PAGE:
Virginia State University is one of the best known historically black institutions in the country.
Founded in 1882 with a cohort of 126 students, Virginia State has been known by its current name since 1979. Between 1944 and 1969, it incorporated Norfolk State College, a historically black institution in coastal Virginia which is 80 miles south east of Virginia State. It is coeducational.
Virginia State’s campus, which comprises more than 230 acres, is in the small city of Petersburg, 20 miles south of state capital Richmond and just north of the Appomattox River, which flows into the James River and then into the Atlantic Ocean. It is 125 miles south of Washington D.C., the nation’s capital. The university also has its own 416-acre farm and agricultural research centre, named after historian Carter G. Woodson, often cited as the father of black history and the founder of what became Black History Month.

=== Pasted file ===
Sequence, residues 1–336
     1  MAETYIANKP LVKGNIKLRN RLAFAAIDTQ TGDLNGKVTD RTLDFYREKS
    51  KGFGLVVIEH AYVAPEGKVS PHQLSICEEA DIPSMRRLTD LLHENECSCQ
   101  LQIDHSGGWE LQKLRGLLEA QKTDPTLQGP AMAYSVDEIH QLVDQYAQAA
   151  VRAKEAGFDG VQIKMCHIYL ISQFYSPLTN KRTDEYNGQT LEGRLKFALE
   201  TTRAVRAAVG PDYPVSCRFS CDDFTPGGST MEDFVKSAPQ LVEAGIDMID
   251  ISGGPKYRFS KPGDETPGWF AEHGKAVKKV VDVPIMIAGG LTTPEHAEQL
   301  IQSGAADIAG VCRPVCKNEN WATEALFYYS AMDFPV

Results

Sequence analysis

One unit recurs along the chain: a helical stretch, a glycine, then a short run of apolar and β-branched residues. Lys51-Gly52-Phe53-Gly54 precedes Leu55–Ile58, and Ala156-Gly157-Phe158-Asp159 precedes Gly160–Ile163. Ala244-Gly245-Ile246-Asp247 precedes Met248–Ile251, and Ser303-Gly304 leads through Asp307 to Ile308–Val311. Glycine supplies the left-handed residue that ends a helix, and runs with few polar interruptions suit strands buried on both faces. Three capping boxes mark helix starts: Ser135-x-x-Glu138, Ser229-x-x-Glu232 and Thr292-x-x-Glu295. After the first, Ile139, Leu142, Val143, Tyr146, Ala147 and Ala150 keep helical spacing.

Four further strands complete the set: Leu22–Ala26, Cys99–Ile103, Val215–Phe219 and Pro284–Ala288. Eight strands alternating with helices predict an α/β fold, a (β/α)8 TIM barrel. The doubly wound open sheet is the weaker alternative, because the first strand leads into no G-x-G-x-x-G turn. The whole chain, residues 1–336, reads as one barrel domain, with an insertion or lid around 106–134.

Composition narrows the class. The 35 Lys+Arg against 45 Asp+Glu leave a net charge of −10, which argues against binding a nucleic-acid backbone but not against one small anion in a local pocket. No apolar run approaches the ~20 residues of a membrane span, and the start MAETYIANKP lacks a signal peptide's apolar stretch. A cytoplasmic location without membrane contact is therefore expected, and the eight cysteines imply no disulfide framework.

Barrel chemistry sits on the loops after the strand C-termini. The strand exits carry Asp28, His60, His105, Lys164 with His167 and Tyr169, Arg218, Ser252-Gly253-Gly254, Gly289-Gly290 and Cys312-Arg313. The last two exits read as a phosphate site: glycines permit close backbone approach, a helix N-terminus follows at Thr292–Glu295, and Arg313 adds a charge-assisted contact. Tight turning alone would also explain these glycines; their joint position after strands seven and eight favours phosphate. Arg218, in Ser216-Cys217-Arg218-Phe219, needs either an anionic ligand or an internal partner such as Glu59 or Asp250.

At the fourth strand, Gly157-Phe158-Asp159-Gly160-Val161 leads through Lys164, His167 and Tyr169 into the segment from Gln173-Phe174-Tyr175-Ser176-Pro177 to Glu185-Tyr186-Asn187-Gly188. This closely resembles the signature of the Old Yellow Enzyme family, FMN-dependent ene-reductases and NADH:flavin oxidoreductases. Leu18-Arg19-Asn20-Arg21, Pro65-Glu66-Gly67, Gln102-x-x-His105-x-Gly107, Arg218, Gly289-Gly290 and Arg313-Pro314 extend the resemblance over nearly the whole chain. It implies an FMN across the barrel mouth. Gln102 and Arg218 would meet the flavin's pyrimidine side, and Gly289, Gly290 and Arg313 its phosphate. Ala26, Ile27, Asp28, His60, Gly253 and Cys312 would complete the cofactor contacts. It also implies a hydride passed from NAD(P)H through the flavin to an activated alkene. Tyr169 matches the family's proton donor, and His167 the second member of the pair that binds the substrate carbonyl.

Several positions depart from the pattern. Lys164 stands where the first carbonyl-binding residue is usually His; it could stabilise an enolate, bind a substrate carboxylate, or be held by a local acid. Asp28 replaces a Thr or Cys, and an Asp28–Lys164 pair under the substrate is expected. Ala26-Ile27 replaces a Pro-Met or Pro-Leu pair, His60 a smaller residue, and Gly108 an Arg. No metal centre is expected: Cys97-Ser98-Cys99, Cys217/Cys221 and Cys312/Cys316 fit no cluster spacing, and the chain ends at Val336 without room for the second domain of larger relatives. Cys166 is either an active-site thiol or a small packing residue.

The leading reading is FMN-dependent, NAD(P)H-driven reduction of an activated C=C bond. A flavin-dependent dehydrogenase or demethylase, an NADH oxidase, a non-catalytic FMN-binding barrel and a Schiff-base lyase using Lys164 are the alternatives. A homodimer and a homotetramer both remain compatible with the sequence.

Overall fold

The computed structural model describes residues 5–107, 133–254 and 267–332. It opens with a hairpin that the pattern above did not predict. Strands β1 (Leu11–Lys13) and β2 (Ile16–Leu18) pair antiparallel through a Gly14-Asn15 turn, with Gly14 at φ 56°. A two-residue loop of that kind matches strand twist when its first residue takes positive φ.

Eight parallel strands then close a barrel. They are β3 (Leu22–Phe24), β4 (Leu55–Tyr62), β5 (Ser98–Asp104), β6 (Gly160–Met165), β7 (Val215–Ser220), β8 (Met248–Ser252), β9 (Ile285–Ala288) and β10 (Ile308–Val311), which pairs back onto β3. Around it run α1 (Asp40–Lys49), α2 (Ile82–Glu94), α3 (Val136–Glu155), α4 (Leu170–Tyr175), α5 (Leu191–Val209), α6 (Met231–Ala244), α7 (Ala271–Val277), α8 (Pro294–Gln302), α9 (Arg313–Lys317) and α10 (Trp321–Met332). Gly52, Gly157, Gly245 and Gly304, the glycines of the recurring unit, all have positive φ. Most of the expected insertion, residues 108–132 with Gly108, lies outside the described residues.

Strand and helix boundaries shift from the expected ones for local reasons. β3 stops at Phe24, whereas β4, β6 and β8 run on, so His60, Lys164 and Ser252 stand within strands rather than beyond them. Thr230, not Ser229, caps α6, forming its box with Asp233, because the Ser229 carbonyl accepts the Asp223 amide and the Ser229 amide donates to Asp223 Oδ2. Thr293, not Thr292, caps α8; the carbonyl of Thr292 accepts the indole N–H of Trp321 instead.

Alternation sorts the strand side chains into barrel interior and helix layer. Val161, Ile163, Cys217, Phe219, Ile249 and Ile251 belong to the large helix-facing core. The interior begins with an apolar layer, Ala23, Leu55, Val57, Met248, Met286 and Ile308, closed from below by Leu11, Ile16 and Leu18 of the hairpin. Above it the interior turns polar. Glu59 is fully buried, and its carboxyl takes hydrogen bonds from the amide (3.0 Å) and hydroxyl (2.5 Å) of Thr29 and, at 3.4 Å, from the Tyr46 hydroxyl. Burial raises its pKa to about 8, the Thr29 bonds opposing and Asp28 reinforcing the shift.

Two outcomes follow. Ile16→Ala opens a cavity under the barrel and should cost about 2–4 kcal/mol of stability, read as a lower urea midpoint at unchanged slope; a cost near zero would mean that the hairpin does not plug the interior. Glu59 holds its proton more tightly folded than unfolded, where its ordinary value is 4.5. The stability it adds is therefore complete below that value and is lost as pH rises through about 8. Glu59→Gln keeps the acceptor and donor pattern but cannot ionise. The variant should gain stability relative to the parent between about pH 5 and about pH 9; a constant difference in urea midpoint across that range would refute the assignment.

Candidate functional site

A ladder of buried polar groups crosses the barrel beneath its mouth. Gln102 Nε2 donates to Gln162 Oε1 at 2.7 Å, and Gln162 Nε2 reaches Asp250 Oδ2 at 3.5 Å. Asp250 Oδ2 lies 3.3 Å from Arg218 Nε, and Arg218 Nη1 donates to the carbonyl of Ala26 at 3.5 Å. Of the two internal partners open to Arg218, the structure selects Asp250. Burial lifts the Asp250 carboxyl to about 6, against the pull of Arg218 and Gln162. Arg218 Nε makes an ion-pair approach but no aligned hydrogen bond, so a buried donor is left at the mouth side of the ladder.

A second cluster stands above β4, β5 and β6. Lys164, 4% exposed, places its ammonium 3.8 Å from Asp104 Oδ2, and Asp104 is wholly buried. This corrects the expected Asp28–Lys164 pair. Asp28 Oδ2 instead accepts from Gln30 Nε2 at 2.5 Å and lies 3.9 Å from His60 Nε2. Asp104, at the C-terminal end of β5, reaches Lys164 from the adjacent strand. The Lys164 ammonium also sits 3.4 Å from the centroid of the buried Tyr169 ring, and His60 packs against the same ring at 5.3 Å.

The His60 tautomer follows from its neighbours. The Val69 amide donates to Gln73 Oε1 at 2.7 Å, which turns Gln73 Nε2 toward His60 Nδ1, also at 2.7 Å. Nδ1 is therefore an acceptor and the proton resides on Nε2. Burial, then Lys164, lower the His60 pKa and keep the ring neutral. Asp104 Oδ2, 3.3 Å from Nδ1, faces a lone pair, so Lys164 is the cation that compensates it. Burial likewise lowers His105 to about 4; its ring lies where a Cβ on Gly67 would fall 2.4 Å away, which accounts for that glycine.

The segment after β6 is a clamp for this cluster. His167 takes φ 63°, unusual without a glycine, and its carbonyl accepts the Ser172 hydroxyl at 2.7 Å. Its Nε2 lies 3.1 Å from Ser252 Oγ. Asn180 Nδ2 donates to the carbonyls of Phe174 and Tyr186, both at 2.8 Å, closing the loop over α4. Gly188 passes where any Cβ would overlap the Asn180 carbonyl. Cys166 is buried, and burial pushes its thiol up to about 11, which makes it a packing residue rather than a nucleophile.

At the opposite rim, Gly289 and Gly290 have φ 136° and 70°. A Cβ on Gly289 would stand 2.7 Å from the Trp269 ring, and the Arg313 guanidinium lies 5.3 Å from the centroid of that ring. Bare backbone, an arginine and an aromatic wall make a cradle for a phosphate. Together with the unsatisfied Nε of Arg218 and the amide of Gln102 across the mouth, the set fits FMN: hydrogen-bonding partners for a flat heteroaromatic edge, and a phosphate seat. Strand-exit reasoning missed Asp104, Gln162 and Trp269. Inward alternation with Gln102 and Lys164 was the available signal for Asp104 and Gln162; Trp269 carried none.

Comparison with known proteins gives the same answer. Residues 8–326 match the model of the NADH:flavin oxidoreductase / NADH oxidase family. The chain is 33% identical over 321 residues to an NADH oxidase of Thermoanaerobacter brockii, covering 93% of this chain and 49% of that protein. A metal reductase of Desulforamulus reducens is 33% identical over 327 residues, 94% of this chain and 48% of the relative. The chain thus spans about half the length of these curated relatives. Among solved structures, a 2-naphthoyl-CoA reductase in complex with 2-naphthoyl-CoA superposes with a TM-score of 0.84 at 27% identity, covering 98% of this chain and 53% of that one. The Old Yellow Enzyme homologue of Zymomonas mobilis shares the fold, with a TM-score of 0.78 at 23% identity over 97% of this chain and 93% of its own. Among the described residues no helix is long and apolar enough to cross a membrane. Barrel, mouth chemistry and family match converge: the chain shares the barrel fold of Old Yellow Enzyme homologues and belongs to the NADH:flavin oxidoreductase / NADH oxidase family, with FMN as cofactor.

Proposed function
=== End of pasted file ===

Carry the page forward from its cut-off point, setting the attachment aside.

Its seven colleges provide more than 50 study programmes, from economics to hospitality management, mass communications, political science, computer engineering, mathematics and music. Its two doctoral courses are psychology and health psychology.
William H. Lewis, one of the first African-Americans to hold high office, as US assistant attorney general from 1911 to 1913, James Avery, the actor who starred as Philip Banks in The Fresh Prince of Bel-Air and also appeared in Iron Man, Teenage Mutant Ninja Turtles and Dr. Dolittle 2, and Pamela E. Bridgewater, a diplomat who has served as US ambassador to Jamaica, Ghana and Benin, all attended Virginia State.